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‘Remembering Marnie’ is a new work by Erin MacIndoe Sproule


The fallibility of memory has long been the subject of academic writing and theorists’ musings. The notion of knowing something in an absolute sense, many suggest, is like trying to quantify the notion of love.

Erin MacIndoe Sproule started her project in earnest documenting the life of her 90-year-old grandmother, Marnie Sproule. What she learned through telling the story of the matriarch of the family is that memory is elusive and presents itself in fragments reflected in moments of apparent clarity.

Marnie Sproule was born in Waterhole, a rural farming community outside of Edmonton that no longer exists. As Erin MacIndoe Sproule began collating her grandmother’s reminiscences for her audio documentary, she noticed inconsistencies – moments in time that didn’t add up, as though her grandmother existed in more than one plane. As the documentarian attempted to paint a cohesive portrait of the subject, the image became fractured like the lines of a cubist painting. Pieces of the same person, impossible to stitch together.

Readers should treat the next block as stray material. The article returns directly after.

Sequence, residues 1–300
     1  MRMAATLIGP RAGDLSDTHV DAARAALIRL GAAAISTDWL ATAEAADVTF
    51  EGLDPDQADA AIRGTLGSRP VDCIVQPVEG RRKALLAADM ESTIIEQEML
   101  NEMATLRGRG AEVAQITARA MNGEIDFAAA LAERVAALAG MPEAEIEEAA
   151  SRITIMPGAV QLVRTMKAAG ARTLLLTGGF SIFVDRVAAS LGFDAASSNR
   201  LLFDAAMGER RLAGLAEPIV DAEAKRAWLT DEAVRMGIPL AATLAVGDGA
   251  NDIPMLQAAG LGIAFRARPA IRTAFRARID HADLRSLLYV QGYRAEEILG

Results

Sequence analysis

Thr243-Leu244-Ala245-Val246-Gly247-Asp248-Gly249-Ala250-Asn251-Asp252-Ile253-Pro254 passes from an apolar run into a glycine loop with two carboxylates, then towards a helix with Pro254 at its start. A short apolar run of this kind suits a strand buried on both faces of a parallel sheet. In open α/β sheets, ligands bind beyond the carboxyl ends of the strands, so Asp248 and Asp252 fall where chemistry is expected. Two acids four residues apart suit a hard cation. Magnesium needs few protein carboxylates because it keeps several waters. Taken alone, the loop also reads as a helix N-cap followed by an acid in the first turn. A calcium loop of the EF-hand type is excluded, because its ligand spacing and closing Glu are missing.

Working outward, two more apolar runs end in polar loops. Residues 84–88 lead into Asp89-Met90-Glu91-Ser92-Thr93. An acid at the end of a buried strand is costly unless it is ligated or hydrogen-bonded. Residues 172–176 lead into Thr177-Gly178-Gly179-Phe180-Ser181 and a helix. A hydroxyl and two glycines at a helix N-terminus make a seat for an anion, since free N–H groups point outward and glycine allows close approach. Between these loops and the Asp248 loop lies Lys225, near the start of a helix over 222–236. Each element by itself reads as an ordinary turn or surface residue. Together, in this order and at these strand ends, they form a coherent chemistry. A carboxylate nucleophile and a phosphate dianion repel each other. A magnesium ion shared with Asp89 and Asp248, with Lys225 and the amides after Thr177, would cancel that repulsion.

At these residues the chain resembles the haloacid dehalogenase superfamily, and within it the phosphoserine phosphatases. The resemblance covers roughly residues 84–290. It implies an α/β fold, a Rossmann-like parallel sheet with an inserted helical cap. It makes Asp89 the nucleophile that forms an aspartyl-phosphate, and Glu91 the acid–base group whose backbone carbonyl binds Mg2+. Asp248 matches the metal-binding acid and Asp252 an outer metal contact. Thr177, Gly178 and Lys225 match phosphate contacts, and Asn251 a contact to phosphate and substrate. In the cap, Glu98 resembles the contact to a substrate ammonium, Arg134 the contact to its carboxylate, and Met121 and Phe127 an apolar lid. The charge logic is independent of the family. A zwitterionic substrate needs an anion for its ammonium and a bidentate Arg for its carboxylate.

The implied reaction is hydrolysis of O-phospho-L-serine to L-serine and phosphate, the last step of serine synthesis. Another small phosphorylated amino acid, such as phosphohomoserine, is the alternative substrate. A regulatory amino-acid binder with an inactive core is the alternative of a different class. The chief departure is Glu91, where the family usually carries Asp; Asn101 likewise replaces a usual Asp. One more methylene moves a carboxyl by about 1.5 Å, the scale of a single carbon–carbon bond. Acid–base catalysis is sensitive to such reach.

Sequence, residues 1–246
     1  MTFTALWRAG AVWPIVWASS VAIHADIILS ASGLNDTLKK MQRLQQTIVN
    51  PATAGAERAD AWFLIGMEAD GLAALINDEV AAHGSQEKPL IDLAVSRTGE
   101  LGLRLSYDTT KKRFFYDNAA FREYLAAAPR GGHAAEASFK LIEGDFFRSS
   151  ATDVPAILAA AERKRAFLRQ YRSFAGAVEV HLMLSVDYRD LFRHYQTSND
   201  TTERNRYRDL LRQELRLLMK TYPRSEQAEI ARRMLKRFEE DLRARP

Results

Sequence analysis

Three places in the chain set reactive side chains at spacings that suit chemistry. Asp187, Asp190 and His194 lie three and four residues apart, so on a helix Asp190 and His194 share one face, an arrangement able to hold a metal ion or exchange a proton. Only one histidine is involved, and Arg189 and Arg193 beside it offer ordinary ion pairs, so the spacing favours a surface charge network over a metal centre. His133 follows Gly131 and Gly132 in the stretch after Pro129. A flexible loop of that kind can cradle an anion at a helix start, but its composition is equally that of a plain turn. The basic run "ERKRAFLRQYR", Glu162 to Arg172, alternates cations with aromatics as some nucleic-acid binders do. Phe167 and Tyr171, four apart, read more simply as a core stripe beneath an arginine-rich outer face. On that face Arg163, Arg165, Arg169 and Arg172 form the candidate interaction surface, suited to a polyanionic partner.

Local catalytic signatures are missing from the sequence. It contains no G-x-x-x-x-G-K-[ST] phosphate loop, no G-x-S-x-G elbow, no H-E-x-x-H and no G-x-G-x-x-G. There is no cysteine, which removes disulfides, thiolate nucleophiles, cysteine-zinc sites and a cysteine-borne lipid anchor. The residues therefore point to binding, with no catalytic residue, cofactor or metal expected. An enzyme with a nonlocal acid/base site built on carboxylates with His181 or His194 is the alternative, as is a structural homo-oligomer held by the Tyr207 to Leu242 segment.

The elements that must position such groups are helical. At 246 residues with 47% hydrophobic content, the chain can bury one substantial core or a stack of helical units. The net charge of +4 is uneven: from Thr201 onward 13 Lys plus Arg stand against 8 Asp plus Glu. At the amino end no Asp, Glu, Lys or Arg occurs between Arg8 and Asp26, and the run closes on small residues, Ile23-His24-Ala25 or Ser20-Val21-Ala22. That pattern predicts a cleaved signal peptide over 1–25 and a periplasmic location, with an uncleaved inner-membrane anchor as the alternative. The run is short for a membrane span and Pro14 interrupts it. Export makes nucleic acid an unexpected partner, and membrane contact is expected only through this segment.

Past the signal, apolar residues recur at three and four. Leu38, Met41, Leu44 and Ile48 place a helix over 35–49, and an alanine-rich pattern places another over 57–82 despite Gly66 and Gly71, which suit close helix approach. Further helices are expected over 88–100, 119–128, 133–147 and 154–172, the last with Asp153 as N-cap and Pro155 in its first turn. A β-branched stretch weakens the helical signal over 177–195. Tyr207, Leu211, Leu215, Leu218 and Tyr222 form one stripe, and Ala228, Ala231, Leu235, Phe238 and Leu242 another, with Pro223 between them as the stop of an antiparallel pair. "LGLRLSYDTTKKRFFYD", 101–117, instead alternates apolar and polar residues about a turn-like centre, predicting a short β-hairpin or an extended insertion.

Erin MacIndoe Sproule joined Tony King on the Wednesday, June 7, 2023, edition of Thoroughfare to talk about creating her audio documentary Remembering Marnie, and why perhaps it doesn’t matter if memories are real or a sweet bit of science fiction.